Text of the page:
I am, besides, a self-proclaimed carnivore. If you ask me to name my favorite culinary treat, it would unequivocally be filet mignon, medium rare please. Or luscious chunks of lobster dipped in warm butter. Oh be still my heart. And how I miss the California availability of multiple sushi bars – tuna rolls, yellowtail, eel, tekka maki – bring it on. My husband regularly turns a roast chicken into ambrosia. And while I’m not one of the Norwegians who long for lutefisk, I think of pickled herring as candy.

The next morning the popping resumed. This time, knowing exactly what was occurring, I fantasized about every pop, wincing as each magnificent mallard took the hit, flailed and fell. Pop, pop, pop.

The problem lay partly with my overactive imagination. Each death became a tale unto itself. The teenager on his first, thrilling flight south, terrorized when dad suddenly jerks and falls from the sky. What to do? Go back? Flee faster?

The point leader who is taken down while the flock scatters in panic, desperately trying to regroup.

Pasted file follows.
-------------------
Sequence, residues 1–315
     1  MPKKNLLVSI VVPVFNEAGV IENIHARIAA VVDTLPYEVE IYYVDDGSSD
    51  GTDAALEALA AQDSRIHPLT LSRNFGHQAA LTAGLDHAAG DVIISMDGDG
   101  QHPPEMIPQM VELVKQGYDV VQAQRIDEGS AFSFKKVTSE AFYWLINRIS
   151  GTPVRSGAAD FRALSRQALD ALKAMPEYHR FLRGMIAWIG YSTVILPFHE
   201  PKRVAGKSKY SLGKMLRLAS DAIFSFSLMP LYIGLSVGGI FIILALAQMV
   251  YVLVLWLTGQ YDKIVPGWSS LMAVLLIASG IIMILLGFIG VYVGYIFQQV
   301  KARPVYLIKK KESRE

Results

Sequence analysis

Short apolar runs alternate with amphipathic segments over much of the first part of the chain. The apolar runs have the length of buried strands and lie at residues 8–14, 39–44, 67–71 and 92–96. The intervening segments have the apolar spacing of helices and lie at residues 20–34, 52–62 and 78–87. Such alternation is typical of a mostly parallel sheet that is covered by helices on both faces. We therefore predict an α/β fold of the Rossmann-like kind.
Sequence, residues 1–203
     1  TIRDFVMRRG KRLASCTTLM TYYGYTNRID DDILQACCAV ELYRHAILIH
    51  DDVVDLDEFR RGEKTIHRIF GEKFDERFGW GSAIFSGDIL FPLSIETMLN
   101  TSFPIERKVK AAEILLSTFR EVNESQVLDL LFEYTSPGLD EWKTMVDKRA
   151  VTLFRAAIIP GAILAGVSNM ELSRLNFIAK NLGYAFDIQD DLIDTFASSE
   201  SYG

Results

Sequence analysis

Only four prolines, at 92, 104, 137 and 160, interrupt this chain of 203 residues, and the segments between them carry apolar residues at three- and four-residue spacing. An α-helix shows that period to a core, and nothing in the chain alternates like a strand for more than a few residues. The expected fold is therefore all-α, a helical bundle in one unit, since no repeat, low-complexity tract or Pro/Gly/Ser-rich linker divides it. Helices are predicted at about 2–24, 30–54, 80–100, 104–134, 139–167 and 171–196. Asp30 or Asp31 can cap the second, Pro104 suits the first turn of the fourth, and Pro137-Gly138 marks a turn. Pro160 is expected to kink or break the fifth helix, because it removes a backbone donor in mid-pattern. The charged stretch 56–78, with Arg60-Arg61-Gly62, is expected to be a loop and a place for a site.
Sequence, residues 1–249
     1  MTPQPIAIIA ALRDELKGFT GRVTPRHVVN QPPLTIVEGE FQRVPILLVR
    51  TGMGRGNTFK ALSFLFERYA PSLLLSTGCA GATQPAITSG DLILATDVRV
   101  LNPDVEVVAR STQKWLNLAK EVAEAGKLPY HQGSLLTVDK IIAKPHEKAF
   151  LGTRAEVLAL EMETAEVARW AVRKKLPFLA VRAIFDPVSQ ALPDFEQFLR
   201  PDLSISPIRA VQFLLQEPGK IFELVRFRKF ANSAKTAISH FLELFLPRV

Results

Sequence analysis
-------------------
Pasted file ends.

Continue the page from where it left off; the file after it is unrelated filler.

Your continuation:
Or the devoted couple whose partnership is destroyed with one pop. And that was the other part of the problem. Each spring since we have resided on Mt. Faith, a drake and his mate have taken up residence at our backyard pond. And because I know that migrating birds usually return to the same place each year, how could I be absolutely certain that our particular mister and missus were not being blown out of the sky? No. Not them.

And so I am left with a dilemma. Hankering for a hamburger while decrying murder and mayhem. But it’s Minnesota, I tell myself. And certainly there is a 4H Mom grief support group out there somewhere. Please respond ASAP to snowbirdredux.

mallard's friend

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I didn’t cruise the Alaskan coast or go on African safari or even explore the fjords of Norway – all aspirations of my youth. I suspect, in fact, that those “bucket” dreams shall be sensibly set aside for another lifetime.

But to answer the many queries I have received – “Are you all right? I haven’t seen any posts on Snowbird!” – I am still comfortably happy here on Mt. Faith, watching the garden grow, bed by bed, collaborating with what will hopefully be the final stages of inside tweeking and re-furbishing, all the while juggling and struggling to manage my all too many hats.

Those who know me well understand that I suffer from a disease that forces me to raise my hand too easily while enthusiastically proclaiming – “I can do that! That would be fun!” And if I experienced a bad bout of this peculiar illness last summer, I relapsed with an even more virile strain this year.